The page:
Finally, our barbarian and their finite rage. Surely it’s metagaming to decide when to get primally angry based on a player’s knowledge of how precisely how many more uses of Rage are left before they’re too pooped to get upset. This one frankly is a bit trickier to justify, in terms of resource management from a character perspective. On the other hand, at some point in the adventure a character might come to understand the dynamics of the dungeon. The obstacles in the party’s path were really frustrating, and unleashes your primal ferocity on the creatures causing you strife back there felt great! But the player is down to their last Rage and resting for 8 hours doesn’t seem likely. That can get a barbarian’s blood boiling, too. Who’s in charge around here, and why are they making things so darn difficult? You vow, when the party encounters whatever villain awaits, they’ll know the last of your Rage.

As mentioned earlier, all of the classes have to deal with resource management (except just about every flavor of rogue) and deciding when to use these limited abilities can sometimes feel like metagaming. But it’s all a matter of perspective — the character’s perspective. So in a way, what seems like metagaming is a form of immersion. Acting in and reacting to the world using the data on your character sheet can be just as much an exercise in character exploration and development as it is a way to cut loose and unload your fancy powers on the mean and nasty monster-filled world.

Metagaming in D&D — player perspective

resource management metagaming perspective
It might be worth it to use your most powerful abilities first in a kobold warren, as seen in the fifth edition Dungeons & Dragons Volo’s Guide to Monsters. [Image courtesy Wizards of the Coast]
The other side of the discussion looks at resource management from a player’s perspective. Here is where I interpret Titan Gaming’s original question began. As a player, how do you make decisions on resource management in D&D? Holding onto your most powerful abilities and going nova when the big boss fight takes place might be metagaming but again, it’s all a matter of perspective, in this case the player’s.

You can be pretty sure the most powerful creature in the adventure is not at the entrance, and Divine Intervention might be overkill to solve a floor tile puzzle.

On the other hand, as a player you really don’t know for sure what to expect. Being an adventurer isn’t easy, or safe, and what might seem innocuous or like another humdrum quest could turn disastrous at any moment. What if the alpha monster IS at the entrance, a purple worm that collapses the way back if it’s not driven away quickly by powerful spells and abilities! Devious kobolds could rig such a trap as well, and if the swarm of them aren’t stopped quickly by powerful spells and abilities, the party will be sealed inside. And you might be more inclined to implore your deity for help and use your other powerful spells and abilities with those floor tiles when they begin falling away into a sphere of annihilation below.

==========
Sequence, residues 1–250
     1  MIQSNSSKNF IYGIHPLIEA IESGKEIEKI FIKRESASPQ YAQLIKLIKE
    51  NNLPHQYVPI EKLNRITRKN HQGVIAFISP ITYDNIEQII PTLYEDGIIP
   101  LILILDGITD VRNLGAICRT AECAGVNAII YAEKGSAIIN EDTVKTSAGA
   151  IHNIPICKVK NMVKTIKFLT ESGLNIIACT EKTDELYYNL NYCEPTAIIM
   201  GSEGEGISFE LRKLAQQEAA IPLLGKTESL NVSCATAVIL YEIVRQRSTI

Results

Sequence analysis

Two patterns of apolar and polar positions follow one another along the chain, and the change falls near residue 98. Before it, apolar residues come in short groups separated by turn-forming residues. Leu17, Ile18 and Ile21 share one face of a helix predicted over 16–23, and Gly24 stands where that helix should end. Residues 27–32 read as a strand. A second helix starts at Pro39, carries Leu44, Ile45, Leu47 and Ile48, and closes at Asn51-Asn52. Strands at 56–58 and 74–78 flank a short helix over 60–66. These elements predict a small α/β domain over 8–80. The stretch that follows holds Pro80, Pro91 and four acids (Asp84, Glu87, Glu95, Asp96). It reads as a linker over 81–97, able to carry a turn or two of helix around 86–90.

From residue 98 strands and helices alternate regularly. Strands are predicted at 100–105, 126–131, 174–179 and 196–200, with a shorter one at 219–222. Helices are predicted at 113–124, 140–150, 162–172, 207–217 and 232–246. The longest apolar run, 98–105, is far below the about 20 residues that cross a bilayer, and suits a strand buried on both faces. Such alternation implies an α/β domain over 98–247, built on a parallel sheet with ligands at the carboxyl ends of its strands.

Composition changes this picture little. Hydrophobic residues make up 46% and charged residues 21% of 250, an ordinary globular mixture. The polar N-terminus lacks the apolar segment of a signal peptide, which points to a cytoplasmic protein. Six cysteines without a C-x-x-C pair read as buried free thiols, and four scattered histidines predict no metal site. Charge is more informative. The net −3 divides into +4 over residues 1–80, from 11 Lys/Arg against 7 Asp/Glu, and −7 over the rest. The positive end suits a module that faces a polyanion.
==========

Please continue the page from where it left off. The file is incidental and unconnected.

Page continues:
In all of those extreme cases, the similarity is from a player perspective, a character’s life is in constant peril. Faced with life and death decision making every 6 seconds, would you really do the bare minimum? In a recent episode of Critical Role, the Mighty Nein encountered a few fiendish creatures near the entrance of a structure they aimed to clear out. Caleb, the wizard played by Liam O’Brien, led with a wall of fire — one of the highest levels of spell he could cast. Was it the “optimal time” Titan Gaming asked about? Probably not, from a resource management perspective.

The responses on the Twitter thread offer some compelling reasons for deciding when to use high level spells, and any of them could apply to resource management of any character features. I was happy to note that even the perspectives leaning towards metagaming included some measure of narrative perspective, too. Here’s a quick breakdown of what people had to say about when to use those powerful spells and abilities:

  • Sooner rather than later
  • Lives are in serious danger
  • Do or die situations
  • The least that’s enough to probably help
  • It’s effective
  • Moves story in cool direction — including not having something later when it’s needed more
  • Emergencies
  • Makes sense for the character
  • Most cinematic time
  • Precision
  • The present matters most — not what might happen later

But what I’m interested in is, how to you decide whether to cast your highest level spells or handle resource management on your D&D character’s limited features? Is it all about metagaming and trying to guess how far along you are in the adventure, where the big bad boss monsters is, and if you’ll have a chance to rest before the encounter? Do you react from your character’s perspective, using their best abilities to stay alive against a constant threat of death? Are your most impressive powers brought to bear right away to build momentum for the encounters still to come? Let me know in the comments below and as always, stay nerdy.

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Nerditor-in-Chief Doug Vehovec is a proud native of Cleveland, Ohio, with D&D in his blood since the early 80s. Fast forward to today and he’s still rolling those polyhedral dice. When he’s not DMing, worldbuilding or working on endeavors for Nerdarchy he enjoys cryptozoology trips and eating awesome food.